CYMT Graduate Resident Tiffany Nygard had researched all that she could about Camp Barnabas before taking her youth from White House United Methodist Church this summer. She spoke with Volunteer Director Mark Holder, watched YouTube videos, read the information on the website, and learned through her students. The White House UMC youth group had served at Camp Barnabas for the past three years, but this summer was Tiffany’s first trip. Before arriving at camp, Tiffany confessed that she was a little nervous because she knew the week was going to be a challenging one but the Lord was faithful and would help her along the way. The Lord taught her a lot about the kingdom of heaven through those campers. He showed her the value of coming alongside someone and walking with them.
Camp Barnabas “exists to provide life-changing opportunities to people with special needs in a Christian camp setting.” Tiffany’s group served during Term 1 – Adult Friends, which is for adults with intellectual disabilities and autism ranging in age from 18 – 45 years old. She took ten students and two adults to Camp Barnabas this year. The volunteers’ daily tasks at Camp Barnabas ranged depending on their age. Students 16 years and older served as CIAs (Christian in Action) for the week. These students were paired up with a camper and cared for a camper 24/7. These students did anything from help a camper go to the bathroom and brush their teeth, to help a camper go canoeing and participate in archery. The younger students who went, ages 14 and 15, served as Barnstormers. Barnstormers worked in the kitchen to prepare meals, as well as cleaned bathrooms and prepared for evening group activities. These students worked hard during the week and met new friends in the process.
Tiffany shared two of her students’ stories where she personally witnessed God’s presence at Camp. She told about Emily who has served at Camp Barnabas for three years. Emily reflected on her experience serving:
You really experience the presence of God at Camp Barnabas because you don’t have any distractions. You learn to rely on God because it is stressful at times, and you need God to give you strength and to keep your focus on him. Also, we aren’t allowed to have cell phones which causes us to see God because we aren’t distracted. I also learned that God is always present, and I can find him if I look for him.
Jesse, a high school senior, served at Camp Barnabas for his first time this year as CIA. Jesse’s camper gave him a taste of what his week would look like the moment he arrived. His camper, with a mental age of about seven but physically was 23, took off running for the exit gate as soon as he arrived. Then he ran out to the woods and then back to where they started. CIAs are required to stay within three feet of their camper at all times. Thus, Jesse went for a three mile run to chase his camper as soon as he arrived. When Jesse was not chasing his camper, he was being hit by his camper. Tiffany talked to Jesse during a 30 minute break one day and asked him if his Camp Barnabas experience had been what he expected. Jesse said,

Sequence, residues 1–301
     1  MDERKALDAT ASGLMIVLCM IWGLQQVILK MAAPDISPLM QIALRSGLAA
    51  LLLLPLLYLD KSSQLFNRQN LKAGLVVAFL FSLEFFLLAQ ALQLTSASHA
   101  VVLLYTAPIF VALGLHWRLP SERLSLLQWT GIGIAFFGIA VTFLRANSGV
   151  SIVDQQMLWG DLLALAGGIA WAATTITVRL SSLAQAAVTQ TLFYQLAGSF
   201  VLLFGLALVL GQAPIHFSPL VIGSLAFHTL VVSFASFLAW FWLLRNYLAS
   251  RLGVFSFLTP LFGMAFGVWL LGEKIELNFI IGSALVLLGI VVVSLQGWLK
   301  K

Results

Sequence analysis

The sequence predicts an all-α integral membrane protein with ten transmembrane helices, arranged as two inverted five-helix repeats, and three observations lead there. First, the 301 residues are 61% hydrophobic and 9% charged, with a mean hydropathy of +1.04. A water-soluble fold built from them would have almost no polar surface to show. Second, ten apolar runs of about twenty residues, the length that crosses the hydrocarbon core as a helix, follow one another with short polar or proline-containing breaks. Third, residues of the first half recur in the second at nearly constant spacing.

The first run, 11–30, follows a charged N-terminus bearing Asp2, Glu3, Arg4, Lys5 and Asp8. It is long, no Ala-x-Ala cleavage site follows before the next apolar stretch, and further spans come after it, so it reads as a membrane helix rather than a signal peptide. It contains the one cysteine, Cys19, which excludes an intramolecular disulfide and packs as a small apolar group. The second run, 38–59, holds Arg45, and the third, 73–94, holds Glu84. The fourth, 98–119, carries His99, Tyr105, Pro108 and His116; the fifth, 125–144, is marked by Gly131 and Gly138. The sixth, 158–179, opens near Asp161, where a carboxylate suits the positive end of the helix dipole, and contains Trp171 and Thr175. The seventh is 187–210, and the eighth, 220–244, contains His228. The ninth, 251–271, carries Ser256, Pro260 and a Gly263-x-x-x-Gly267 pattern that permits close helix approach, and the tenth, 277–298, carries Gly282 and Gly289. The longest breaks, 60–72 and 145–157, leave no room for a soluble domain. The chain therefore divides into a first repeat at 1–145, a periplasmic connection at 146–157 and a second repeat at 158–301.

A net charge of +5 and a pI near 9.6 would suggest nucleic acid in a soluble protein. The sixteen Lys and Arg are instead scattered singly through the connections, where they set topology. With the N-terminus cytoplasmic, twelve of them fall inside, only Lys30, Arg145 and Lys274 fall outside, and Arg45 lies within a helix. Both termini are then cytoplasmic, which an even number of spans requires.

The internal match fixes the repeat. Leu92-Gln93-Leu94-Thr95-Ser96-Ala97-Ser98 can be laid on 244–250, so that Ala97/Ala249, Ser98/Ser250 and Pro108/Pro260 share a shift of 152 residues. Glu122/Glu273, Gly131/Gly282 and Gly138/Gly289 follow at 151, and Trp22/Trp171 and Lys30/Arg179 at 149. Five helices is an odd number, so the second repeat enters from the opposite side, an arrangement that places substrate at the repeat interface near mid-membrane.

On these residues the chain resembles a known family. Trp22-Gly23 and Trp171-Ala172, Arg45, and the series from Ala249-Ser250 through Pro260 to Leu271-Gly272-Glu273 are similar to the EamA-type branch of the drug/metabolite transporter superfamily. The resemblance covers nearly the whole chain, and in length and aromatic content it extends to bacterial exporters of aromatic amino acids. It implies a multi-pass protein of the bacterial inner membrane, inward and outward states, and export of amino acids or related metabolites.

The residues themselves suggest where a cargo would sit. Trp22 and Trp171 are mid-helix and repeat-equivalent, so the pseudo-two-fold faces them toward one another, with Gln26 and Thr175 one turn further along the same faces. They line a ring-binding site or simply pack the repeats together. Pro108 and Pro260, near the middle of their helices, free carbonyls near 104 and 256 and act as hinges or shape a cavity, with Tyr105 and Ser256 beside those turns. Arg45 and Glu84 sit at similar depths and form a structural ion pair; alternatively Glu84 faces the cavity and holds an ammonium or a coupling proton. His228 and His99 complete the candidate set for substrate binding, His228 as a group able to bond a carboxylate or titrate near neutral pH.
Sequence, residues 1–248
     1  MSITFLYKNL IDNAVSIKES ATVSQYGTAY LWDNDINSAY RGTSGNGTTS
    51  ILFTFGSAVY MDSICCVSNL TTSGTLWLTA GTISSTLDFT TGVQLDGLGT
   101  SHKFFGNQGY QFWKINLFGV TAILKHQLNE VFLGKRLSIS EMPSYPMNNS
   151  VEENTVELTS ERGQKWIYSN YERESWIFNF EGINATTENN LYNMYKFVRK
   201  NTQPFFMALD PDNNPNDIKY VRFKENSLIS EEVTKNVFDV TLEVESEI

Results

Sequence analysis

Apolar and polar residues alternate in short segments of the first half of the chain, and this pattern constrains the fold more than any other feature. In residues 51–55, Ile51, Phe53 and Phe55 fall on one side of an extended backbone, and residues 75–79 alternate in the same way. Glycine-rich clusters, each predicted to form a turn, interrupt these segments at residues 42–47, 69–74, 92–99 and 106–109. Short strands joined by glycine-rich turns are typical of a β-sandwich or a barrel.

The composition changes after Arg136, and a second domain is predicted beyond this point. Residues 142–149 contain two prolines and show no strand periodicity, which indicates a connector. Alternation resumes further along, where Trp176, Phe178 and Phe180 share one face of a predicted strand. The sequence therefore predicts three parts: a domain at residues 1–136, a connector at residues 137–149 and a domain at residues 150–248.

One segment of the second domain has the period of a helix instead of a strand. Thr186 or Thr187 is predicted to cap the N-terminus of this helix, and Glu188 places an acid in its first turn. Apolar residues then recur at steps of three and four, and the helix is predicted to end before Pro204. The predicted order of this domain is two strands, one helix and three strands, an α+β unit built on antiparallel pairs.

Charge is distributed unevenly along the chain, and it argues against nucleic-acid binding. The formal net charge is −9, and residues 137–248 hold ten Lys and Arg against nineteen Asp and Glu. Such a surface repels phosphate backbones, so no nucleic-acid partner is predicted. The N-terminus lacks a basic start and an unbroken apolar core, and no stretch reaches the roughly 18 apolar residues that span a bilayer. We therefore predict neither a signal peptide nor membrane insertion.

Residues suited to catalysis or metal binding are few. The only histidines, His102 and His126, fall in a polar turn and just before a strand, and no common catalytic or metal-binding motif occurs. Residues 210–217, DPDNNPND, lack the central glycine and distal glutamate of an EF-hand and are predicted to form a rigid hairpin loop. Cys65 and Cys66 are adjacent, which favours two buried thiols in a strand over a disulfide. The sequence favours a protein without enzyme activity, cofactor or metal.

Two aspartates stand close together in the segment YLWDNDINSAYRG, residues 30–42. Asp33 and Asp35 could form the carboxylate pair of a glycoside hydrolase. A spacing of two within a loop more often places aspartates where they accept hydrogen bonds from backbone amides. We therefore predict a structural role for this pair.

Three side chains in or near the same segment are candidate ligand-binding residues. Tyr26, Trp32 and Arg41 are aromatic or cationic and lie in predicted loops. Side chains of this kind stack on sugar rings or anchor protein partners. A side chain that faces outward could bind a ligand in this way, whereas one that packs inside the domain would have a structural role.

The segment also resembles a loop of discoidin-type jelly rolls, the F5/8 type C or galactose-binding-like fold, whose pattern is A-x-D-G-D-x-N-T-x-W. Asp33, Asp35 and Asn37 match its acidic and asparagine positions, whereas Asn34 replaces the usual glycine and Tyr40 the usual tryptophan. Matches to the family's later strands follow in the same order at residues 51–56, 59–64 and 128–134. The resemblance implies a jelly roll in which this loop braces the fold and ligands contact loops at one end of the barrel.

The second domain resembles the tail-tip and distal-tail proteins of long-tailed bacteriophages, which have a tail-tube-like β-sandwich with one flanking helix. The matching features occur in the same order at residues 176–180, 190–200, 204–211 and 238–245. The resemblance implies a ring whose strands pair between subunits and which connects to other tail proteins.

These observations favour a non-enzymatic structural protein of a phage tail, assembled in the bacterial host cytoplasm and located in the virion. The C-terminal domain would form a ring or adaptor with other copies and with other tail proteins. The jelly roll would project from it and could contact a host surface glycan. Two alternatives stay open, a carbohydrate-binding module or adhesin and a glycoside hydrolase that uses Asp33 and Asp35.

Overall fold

“No, but that’s not important because I came to serve. “It is not about me. It is about God.”
Jesse faithfully walked (or ran) alongside his camper all week and continued to put the needs of his camper first with a servant’s heart and a smile on his face.
Tiffany shared that her favorite moments of the week were watching each of her students walk alongside their camper. “Each of them seemed to serve their camper so naturally without fear or complaining. The way they exemplified Christ reminded me of Philippians Chapter 2, where Paul tells us to take on an attitude like Christ. Christ humbled himself to the point of death on a cross, a death used for criminals. Christ met people where they were and walked alongside them to show them the power of God. He walked alongside his disciples to teach them the way and then charged them with the honor of spreading the good news.”
Tiffany said, “Camp Barnabas seems to be an experience that attracts our core students who are interested in growing deeper in their relationship with Christ. It is an experience that requires deep commitment to putting others first, long work days, and a continual reliance on God. I haven’t seen a more beautiful example of humility, servanthood, and relational ministry than what I saw at Camp Barnabas.”
If you would like to learn more about Camp Barnabas, please visit their website at www.campbarnabas.org.
CYMT is proud to announce the expansion of our original initiative into Theology Together 2.0. CYMT aims to develop a curriculum to be used in local congregations and ministries. Taking what we have learned about engaging youth in deep theological reflection during missional experiences and embedding those processes into congregational youth ministries.
"I hope students come away from my courses with the ability to think more deeply, richly and theologically about their youth ministry practice. I think a lot of what happens in youth ministry happens unreflectively and can be deforming to young people, and my courses are intended to give students a theological framework for evaluating and reforming their youth ministry practice."
Of course, I want students to drink deeply from the academic readings, lectures and discussions, and I want them to be informed by the academics. But more than that, I want them to see that youth ministry is a calling of God, an important part of God’s mission in the world, one that should give them pride and evoke humility at the same time.